South Gate executive chef Kerry Heffernan has a busy month: “In October, we have Autism Speaks on the fourth, the Los Angeles Food and Wine Festival from the twelfth to the sixteenth, Project by Project on the fourteenth, City Harvest on the eighteenth, and then maybe two more,” he says, ticking off his obligations. “And then we have another in early November.” But Heffernan’s schedule is hardly an anomaly. As the popularity of food-related tasting events has surged over the last few years, chefs are being asked more and more often to take time and money away from their own restaurants in order to participate.
The vast majority of tasting events are charity benefits, often from well-established causes like Share Our Strength and City Harvest, but there’s also the five-day whirlwind of the New York City Wine & Food Festival, New York Taste, and smaller neighborhood events whose proceeds fund local projects. “There’s been an absolute surge in neighborhood tasting events,” says Liz Neumark, the CEO of Great Performances catering company. “They’ve become the new street fair.”
The event format is a no-brainer for charity organizations, because having chefs and food at an event basically guarantees attendance. “Someone is much more willing to pay a premium price for a ticket where they’ll get 30 tastings,” says Jessica Gaffney, the organizer of Just Food’s Let Us Eat Local, an event that gathered 35 chefs under the roof of the Altman Building on a rainy night in late September. NYCWFF founder Lee Schrager is more succinct in his analysis of the phenomenon: “Everybody likes to eat. Unless people stop eating and drinking, I think it’s going to keep getting bigger.”
But the demands of these events can take a toll on chefs whose schedules are already as full as their walk-ins. “It’s a lot of effort and expense, and takes the chef and the people with the chef away from the restaurant on a busy night,” explains Sisha Ortúzar, chef at Riverpark. “So it’s quite a lot of pressure on a restaurant to be able to do this.” Ortúzar says when the event-circuit is in full swing, as it is now, he sometimes does three events a week. Not only do these charitable events typically require chefs to prepare anywhere from 300 to 1,200 portions of food, they often require that chefs do so at their own expense.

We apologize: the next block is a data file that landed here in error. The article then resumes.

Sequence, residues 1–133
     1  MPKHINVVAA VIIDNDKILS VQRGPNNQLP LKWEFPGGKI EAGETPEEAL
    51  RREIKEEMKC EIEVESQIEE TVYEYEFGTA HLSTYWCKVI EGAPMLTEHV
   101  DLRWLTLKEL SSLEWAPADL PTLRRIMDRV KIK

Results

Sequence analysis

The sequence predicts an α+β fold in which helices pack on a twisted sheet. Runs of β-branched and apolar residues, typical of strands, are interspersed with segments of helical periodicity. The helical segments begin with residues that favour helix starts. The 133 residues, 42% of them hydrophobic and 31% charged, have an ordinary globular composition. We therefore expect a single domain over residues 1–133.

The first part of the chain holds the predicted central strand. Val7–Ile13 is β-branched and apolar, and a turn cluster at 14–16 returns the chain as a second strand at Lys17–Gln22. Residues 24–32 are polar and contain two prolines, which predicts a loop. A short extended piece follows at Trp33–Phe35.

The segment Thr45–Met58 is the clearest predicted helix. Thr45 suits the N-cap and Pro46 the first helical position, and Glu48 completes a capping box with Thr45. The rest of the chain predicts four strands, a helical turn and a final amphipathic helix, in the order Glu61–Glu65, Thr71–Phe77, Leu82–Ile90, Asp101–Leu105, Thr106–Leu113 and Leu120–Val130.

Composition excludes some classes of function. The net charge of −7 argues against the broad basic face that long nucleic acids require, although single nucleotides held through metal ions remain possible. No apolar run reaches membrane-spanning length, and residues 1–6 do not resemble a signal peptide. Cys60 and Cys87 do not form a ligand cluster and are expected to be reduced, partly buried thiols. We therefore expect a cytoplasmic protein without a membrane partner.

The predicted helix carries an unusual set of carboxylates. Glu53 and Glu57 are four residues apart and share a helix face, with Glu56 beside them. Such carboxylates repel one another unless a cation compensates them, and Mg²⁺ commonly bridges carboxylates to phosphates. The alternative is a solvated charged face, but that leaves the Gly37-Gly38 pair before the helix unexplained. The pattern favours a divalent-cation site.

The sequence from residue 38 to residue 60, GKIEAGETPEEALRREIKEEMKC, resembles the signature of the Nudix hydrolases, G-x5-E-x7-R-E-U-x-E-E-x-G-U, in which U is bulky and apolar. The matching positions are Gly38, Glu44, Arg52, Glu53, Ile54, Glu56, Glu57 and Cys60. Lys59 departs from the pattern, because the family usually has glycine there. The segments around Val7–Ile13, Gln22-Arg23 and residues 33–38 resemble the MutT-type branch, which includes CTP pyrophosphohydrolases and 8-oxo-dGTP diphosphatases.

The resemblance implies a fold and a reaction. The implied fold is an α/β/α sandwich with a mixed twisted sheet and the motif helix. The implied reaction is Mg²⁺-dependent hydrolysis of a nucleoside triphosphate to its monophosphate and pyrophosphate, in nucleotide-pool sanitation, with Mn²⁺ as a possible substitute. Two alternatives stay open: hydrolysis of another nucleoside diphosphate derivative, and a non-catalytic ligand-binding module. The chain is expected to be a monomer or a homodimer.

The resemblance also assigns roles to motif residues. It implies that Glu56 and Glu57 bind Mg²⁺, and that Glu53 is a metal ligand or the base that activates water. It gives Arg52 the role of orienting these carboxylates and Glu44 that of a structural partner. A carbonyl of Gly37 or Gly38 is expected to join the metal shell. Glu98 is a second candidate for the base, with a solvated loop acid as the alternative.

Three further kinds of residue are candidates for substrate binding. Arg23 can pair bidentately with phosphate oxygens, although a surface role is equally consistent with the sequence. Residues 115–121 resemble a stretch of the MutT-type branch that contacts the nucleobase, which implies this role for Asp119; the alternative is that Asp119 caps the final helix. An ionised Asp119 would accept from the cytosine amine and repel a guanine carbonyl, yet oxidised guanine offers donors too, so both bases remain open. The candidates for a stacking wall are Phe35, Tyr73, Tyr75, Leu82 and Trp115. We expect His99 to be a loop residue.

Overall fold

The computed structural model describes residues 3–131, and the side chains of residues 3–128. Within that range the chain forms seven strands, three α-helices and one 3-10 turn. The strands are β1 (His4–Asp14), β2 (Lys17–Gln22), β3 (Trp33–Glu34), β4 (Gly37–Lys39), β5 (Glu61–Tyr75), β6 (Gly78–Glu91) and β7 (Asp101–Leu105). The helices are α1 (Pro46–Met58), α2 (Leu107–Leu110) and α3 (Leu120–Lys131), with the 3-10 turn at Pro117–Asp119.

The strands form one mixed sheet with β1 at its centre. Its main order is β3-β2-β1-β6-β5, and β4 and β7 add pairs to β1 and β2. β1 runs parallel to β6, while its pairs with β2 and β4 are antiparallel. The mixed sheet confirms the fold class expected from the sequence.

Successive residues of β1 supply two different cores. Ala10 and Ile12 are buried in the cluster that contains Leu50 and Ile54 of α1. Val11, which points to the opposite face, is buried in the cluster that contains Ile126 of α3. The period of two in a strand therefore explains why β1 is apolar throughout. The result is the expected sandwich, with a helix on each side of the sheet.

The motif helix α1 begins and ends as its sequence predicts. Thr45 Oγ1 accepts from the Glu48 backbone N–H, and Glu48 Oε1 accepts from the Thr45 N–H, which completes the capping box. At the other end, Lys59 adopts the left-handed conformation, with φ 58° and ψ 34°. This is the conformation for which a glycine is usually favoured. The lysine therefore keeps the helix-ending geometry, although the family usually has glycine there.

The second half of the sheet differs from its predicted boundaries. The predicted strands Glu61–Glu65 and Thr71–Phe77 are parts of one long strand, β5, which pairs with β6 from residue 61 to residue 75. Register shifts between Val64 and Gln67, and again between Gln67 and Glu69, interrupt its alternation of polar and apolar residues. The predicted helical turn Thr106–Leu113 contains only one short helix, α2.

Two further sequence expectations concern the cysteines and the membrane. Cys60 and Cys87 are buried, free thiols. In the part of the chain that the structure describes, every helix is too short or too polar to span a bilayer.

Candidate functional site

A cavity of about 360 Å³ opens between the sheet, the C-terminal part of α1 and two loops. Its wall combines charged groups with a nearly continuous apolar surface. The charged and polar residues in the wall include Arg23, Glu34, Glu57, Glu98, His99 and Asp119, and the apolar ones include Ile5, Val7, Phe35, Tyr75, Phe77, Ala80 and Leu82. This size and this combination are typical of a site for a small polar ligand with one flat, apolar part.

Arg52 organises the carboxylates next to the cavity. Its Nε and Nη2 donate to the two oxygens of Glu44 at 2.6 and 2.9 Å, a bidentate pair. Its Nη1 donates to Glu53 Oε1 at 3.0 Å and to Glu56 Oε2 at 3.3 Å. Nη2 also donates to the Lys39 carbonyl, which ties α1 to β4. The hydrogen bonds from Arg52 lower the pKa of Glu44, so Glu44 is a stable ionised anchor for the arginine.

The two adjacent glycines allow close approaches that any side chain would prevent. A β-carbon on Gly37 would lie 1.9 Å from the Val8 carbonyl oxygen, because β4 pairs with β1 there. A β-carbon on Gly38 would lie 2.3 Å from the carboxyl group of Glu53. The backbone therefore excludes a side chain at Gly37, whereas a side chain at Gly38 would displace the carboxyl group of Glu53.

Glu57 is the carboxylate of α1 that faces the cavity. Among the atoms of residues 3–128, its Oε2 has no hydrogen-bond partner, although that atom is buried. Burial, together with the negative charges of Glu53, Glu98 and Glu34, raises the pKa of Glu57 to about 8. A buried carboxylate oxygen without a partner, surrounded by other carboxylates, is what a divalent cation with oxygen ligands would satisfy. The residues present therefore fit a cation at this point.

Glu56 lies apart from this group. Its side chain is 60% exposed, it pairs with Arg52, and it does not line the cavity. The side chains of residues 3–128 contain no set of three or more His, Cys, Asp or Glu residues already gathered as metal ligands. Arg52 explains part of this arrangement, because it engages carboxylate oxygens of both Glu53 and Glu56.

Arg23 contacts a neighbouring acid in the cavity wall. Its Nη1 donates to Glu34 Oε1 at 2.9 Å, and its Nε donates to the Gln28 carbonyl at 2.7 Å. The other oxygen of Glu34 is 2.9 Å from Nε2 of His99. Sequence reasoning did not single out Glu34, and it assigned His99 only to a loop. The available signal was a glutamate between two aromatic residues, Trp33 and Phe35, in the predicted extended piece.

For a smaller restaurant, the cost can be particularly significant: Amanda Cohen, the chef-owner of Dirt Candy, has to close her eighteen-seat restaurant when she attends events, which she limits to two a month. “We just take it as a loss,” she says.
So then why do chefs bother, if they could spend their time cooking in their own restaurants for paying customers? Interestingly, advertising doesn’t seem to be one of them. (The tasting portions “can give people an idea of style,” says Ortúzar, “but there are so many aspects of a restaurant that can’t be represented in food.”) The main appeal is good karma: “It’s kind of an easy way to give something back,” says Dan Holzman, one of the owners of the Meatball Shop. “We probably wouldn’t go so far out of our way for charity on our own.” Ortúzar expresses a similar sentiment, and adds that the causes make it easy to suss out what’s worth doing: “Our main criteria for deciding which events we take part in is, How strongly do we believe in and support what they’re trying to help?” He adds that Riverpark is particularly dedicated to causes relating to hunger and children. “That’s got to be 90 percent of it if not more. If you were to figure out the expense and time and food that it takes, it’s not really worth it just for being in front of people.”
Of course, chefs admit that the appeal isn’t completely altruistic. The events also give chefs, who spend most of their time working in their own restaurants, a way to connect with one another. “It’s worth it to be a part of the restaurant scene,” says Cohen. “It feels like we’re isolated when we don’t participate.”
Rebecca Flint Marx has written for publications including the Village Voice, the New York Times, the Wall Street Journal, and ELLE.